2 scallions, cut into 2-inch sections

1. Wash the scallops in cold water, removing any visible bits of shell or grit. Drain well in a colander and pat dry with paper towels. If there are any large scallops, halve or cut them into thirds to match the size of the other scallops. In a small bowl, combine the chicken broth, soy sauce, oyster sauce, cornstarch, rice wine, sesame oil, sugar, and salt. Stir until the cornstarch is dissolved. Set aside.

2. Heat a 14-inch flat-bottomed wok or 12-inch skillet over high heat until a bead of water vaporizes within 1 to 2 seconds of contact. Add 1 tablespoon of the peanut oil and the scallops, spreading them evenly in the wok. Cook undisturbed 1 minute, letting scallops begin to brown. Then, using a metal spatula stir-fry 1 to 2 minutes, or until scallops are firm and slightly brown but not cooked through. Remove scallops from the wok to a plate.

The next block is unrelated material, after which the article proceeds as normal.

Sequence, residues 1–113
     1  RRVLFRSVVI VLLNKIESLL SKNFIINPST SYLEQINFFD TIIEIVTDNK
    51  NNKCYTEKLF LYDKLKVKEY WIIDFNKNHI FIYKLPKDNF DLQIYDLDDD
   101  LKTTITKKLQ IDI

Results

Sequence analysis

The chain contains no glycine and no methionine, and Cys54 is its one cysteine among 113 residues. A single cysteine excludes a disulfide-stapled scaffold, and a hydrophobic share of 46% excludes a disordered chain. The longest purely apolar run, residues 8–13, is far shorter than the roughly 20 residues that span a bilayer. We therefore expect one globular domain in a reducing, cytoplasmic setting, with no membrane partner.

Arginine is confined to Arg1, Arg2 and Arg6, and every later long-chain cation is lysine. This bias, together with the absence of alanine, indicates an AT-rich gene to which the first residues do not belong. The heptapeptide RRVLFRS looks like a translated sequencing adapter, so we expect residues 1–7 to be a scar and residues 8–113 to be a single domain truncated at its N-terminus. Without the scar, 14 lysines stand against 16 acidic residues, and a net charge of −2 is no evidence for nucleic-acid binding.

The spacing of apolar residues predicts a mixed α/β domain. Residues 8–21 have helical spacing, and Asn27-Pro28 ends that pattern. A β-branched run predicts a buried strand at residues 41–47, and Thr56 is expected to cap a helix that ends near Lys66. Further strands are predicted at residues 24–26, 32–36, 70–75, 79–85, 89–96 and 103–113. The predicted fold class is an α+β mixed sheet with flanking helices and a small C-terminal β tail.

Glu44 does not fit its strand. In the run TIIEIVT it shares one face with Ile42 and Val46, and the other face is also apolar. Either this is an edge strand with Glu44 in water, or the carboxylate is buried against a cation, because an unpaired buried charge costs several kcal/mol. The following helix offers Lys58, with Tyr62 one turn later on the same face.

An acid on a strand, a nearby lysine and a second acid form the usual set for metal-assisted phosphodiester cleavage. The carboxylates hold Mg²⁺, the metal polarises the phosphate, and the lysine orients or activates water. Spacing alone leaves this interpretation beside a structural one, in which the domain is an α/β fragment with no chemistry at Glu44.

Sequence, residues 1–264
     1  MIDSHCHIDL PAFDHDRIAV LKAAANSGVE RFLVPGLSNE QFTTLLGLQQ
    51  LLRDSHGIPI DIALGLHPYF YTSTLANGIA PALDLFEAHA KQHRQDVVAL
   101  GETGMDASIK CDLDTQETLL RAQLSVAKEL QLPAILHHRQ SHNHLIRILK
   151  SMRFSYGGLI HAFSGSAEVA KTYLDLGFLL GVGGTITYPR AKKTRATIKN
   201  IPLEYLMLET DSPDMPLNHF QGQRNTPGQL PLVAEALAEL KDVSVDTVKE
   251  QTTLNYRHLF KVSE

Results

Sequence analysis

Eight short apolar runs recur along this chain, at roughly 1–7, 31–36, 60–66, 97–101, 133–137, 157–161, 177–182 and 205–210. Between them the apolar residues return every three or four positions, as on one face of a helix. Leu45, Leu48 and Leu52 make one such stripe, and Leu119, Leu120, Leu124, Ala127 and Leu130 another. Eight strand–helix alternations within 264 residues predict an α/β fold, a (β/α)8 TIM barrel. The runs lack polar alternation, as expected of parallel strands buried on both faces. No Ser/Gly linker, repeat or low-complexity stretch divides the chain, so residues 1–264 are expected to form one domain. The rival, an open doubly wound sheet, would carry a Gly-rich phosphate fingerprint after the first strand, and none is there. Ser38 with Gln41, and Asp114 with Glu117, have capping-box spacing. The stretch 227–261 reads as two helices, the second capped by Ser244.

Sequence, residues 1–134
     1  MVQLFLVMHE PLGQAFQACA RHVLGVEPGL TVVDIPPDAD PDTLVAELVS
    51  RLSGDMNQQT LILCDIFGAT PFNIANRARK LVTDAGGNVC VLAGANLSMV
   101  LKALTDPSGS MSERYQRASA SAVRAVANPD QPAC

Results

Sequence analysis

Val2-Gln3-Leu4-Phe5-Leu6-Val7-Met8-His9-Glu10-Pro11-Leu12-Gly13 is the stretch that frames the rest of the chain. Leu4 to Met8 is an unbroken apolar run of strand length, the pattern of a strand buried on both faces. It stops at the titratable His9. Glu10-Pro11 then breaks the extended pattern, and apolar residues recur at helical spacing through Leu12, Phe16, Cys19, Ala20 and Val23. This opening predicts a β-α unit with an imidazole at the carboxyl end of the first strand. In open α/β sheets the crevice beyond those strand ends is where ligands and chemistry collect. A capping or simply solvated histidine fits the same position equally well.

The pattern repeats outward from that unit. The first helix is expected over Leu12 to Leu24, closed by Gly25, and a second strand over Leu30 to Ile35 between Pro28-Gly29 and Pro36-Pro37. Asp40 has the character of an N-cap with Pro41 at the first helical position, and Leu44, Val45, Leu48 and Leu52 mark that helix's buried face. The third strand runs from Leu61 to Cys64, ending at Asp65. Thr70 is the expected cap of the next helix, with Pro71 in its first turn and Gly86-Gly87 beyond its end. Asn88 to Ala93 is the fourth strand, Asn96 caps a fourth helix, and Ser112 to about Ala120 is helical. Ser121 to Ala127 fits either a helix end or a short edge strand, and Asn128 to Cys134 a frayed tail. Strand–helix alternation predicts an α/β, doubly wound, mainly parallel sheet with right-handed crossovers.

3. Add the remaining 1 tablespoon peanut oil, ginger, garlic, red bell pepper, snow peas, and scallions. Stir-fry 2 to 3 minutes, or until pepper begins to soften. Re-stir sauce mixture and swirl it into the wok. Return the scallops and any juices that have accumulated on the plate to the wok and stir-fry 1 to 2 minutes, or until the sauce has thickened slightly and scallops are just cooked through.

Adapted from The Wisdom of the Chinese Kitchen: Classic Family Recipes for Celebration and Healing, by Grace Young, Simon and Schuster 1999.

Good Fortune Stir-Fried Garlic Lettuce